The alternative would have been to use other more invasive technique like an abundance of speed lines or ghosting, the result of which would run the risk of looking dirty and maybe even confuse the reader. On the contrary, by placing the speeding device outside of the panels, they leave us with crisp clean art and room enough for dialogue. It then becomes possible to show a much more complex sequence because regular panels can now be used for their representation.

And once more, the art serves at underlining the special purpose of the affected panels, this time again with different coloring. That’s three in three as of yet!

Before we let that one go, anyone notice that the micro-panels form a series of extreme moment-to moment transitions? See, you should really brush up on your Scott McCloud before reading this column.

Next comes an example that blends the notions of time and space for a interesting-looking result. Let’s see how Clint and Kate are doing as they infiltrate a hotel filled with bad guys.

Again, Fraction and Aja use inset panels to decompose a panel into smaller components. This time, these panels aren’t used to show different aspect of a single moment but rather to show different moments of a single scene. As you can see, the larger panel represents the reception hall packed with all of the bad guys who are making Clint so nervous. Each inset circumscribes – physically in the panel – one moment in Clint and Kate’s trajectory through the crowd. As such, the technique they use here lets them reduce multiple panels to insets in a larger one, not really saving space – as the large panels easily takes up half the page – but saving gutters. Thanks to the use of insets rather than regular panels, they eliminate a couple of these usually necessary transitions and offer a smoother reading of the scene.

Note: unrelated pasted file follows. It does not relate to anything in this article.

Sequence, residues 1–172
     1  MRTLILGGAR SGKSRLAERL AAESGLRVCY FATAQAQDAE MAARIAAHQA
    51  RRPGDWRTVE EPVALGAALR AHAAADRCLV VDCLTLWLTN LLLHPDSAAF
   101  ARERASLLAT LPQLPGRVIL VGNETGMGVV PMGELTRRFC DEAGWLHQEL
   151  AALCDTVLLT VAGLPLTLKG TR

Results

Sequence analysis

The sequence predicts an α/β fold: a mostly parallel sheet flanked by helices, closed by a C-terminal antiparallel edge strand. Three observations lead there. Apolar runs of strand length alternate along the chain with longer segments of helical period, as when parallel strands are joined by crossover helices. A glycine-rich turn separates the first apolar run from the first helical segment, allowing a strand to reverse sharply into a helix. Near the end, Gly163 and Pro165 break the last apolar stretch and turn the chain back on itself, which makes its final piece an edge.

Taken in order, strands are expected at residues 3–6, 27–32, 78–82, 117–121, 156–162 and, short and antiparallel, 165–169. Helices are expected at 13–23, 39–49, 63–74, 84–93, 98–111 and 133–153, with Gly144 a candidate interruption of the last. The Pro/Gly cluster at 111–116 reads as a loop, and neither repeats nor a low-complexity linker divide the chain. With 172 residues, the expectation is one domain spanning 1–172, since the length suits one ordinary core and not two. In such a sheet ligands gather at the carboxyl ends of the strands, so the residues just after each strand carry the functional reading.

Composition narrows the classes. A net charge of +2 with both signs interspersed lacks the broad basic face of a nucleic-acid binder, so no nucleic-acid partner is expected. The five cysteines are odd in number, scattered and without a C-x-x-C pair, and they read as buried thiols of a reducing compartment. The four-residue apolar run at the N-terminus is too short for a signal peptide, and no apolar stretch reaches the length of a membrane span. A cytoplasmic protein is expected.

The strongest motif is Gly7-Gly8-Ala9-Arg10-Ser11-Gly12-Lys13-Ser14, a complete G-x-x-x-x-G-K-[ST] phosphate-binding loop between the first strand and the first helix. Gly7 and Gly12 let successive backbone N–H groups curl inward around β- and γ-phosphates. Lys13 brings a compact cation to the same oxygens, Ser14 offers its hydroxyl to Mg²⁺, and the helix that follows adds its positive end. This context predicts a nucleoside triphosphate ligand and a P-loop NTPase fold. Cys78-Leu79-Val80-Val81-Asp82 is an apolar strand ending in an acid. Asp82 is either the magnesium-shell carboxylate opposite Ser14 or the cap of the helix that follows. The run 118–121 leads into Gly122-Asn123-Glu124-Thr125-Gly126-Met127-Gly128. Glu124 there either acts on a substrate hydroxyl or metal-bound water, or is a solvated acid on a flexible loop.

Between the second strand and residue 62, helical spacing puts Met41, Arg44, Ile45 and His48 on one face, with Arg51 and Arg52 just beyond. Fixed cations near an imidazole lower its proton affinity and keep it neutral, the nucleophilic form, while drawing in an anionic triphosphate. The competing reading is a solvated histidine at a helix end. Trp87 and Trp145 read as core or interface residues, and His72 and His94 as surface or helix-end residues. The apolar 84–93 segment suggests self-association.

Also and more importantly, Fraction and Aja condense time by showing multiple consecutive moments inside the same panel. The natural left-to-right moving of the reader’s eyes across the panel is used as a replacement for the moving forward of time usually accomplished by the gutters. The framing of the inset panels acts only as a highlighting device since they could be taken out and the panel could still easily be understood as a series of consecutive actions. It’s the same principle at work in ghosting, applied to a conversation rather than a physical sequence like a fight scene or acrobatics.

You’ll also notice that the colors for every character but Clint and Kate are muted inside the inset panels, thus further setting these apart from the framing panel. More kudos for Hollingsworth!

Our final example is located near the end of the book, as Clint and Kate try to escape their Cirque du Nuit pursuers. (By the way, Cirque du Nuit is horrible, HORRIBLE French. I’ve said it once and I’m saying it again: you need some French in your comic, call me. I’ll do it for free!)

It’s a sequence of three panels first showing Kate having her thigh grazed by a bullet, then she’s picked up by Clint and finally he’s running away as she fires back at their pursuers; three panels, three actions. However, if we take into account the other characters as well as the trajectory of the bullets fired through the lot, we can see that these are consistent throughout the sequence. The bad guy getting shot in the first panel falls through the gutter into the second one. Similarly, the body on the floor in the second panel spills out into the third one. And all through this, the path of the bullets is clearly traced passing through all three panels. The main characters however never cross under the gutters: even when they would normally spill out – like Clint’s foot should in the last panel – they remain firmly entrenched in the panels where they’re shown acting.